Saturday, 13 July 2019

Top Ten Things To Do In Madrid

Glen and I enjoyed a fabulous child-free four days in marvellous Madrid back in January and I've picked out the top ten things to do if you're there for a weekend of indulgence and exploration. As always there is a bit more of a foodie slant to my list, but there are plenty of other options too.

1. Food Markets

Madrid has a ton of different indoor food markets and we visited several during our stay, which all had their own individual charm. 

Our favourite by far was the Mercado San Miguel in the Centro area, which is set in an absolutely stunning and historic building - all wrought iron and clear glass windows and doors, making it an attractive proposition before you even arrive. 

The atmosphere on a Thursday afternoon was electric - it was jam packed with tourists and locals alike; all being tempted by the many, many different types of food on offer. 

It isn't cheap, but it's super fun to hop from stall to stall trying different bites, and there are plenty of bars too offering beer, wine, cava or something stronger if you prefer. 

Our favourites here included this super creamy whipped burrata topped with jamon and cups of the most delicious jamon, that melted in the mouth. Well worth a visit and make sure you go hungry!

Burrata & Jamon at Mercado San Miguel
Jamon at Mercado San Miguel
Delicious olive, anchovy and roasted pepper morsel at Mercado San Miguel

2. Arts and Culture

You will be spoilt for choice in Madrid for galleries, museums and exhibitions - it's such a diverse and cultural city.

We enjoyed a few galleries but the absolute standout had to be visiting Museo Renia Sofia which is home to an astounding amount of fantastic pieces of art and photography from Dali to Picasso.

Picasso piece at Museo Renia Sofia

It's around 15 Euros per adult ticket - but they do have a free entry period in the evenings between 7-9pm if you're on a budget.

It's well worth the admission price especially to see Picasso's breathtaking Guernica in the flesh - the size and breadth are amazing. 

3. Chocolate & Churros

Chocolate & Churros at San Gines, Madrid

You will see dotted around the city a number of 'chocolateria'; but the oldest - dating back to 1890 is San Gines

We gladly joint the hoard of people queuing up to try the long doughnutty churros dipped in pure liquid chocolate - absolute bliss and a must-do for Madrid!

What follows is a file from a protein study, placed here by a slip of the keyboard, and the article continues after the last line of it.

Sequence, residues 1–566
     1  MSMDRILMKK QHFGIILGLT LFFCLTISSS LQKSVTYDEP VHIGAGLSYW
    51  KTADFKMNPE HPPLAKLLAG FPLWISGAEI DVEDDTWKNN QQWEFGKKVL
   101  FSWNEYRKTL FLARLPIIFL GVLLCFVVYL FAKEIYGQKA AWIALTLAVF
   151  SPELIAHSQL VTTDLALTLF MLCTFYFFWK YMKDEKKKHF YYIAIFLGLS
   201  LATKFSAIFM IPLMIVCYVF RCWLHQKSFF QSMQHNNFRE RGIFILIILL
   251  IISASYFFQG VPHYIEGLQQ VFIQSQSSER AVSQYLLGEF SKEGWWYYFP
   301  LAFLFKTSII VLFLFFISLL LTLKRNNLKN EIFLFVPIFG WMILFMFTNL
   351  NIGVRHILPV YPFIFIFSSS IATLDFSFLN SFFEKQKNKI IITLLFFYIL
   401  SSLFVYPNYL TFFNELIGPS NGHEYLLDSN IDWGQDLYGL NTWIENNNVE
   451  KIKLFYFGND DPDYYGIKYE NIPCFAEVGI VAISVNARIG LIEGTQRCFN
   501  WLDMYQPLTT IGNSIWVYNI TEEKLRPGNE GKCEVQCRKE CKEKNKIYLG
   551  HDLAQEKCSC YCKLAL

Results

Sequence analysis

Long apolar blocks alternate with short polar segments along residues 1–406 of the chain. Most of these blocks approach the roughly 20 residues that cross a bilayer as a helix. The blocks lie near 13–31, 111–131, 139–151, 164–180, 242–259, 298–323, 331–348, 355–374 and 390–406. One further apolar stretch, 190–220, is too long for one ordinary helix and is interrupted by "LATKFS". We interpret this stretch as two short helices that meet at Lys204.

4. Take Your Own Walking Tour

Royal Palace, Madrid

Pack some comfy shoes or trainers as you really can see most of Madrid by foot - especially if visiting in a cooler month. 

Grab a map and make a plan of the places you're keen to see and attempt it on foot with some water on hand. 

There are plenty of bars, cafes and restaurants all over the city to sit and cool down and hydrate in and along the way. 

Places of interest you might want to nose at include The Royal Palace, City Hall, the Cibeles Fountain (where you see Real Madrid celebrating sometimes), and the many, many beautiful churches in and around Madrid, to name a few.

City Hall, Madrid

5. El Retiro Parque

Palacio De Cristal, Madrid
El Retiro Parque, Madrid

The El Retiro Parque is for me comparable to Central Park in New York as it seems to be it's own little city, with different areas and districts within it and tons going on within it's gates. 

It's an absolutely beautiful and completely green space with tons of grassy areas, playgrounds, a boating lake and of course the stunning Palacio De Cristal - or crystal palace which is beautiful inside and out. 

Within the park you'll see loads of street entertainers performing all sorts of different arts - from tai chi, skate boarding, dance, singing and many other things. It's a great, free place to visit in Madrid.

6. Enjoy Cava in the Sunshine

Cava in the Madrid sunshine

Cava is Spain's sparkling wine equivalent to Champagne, Prosecco and the like; and it is absolutely delicious and much more modestly priced than Champagne. 

It's an absolute must to enjoy sipping on a glass of cold, sparkling cava sitting outside in the sunshine of Madrid and will only set you back 5 or 6 euros.

7. Take a Tapas Crawl in La Latina

Pan con tomate with jamon, Lateral, Madrid

You can pick up good tapas all around the city when you enter a bar for a drink, however mine and Glen's favourite after four days was the little district of La Latina, especially if you're talking about after dark. 

Take a stroll along the Calle Cava Baja and you'll soon understand the appeal - even on a cold wintery January evening, the whole stretch of road which is adorned with bars and restaurants was absolutely heaving with happy Madrilenos and tourists alike. Spilling out of the bars into the street tons of people were enjoying plates of tapas, ice cold beer, wine and cocktails too. It's a buzzy atmosphere and the food along here was some of the best we had in the four days.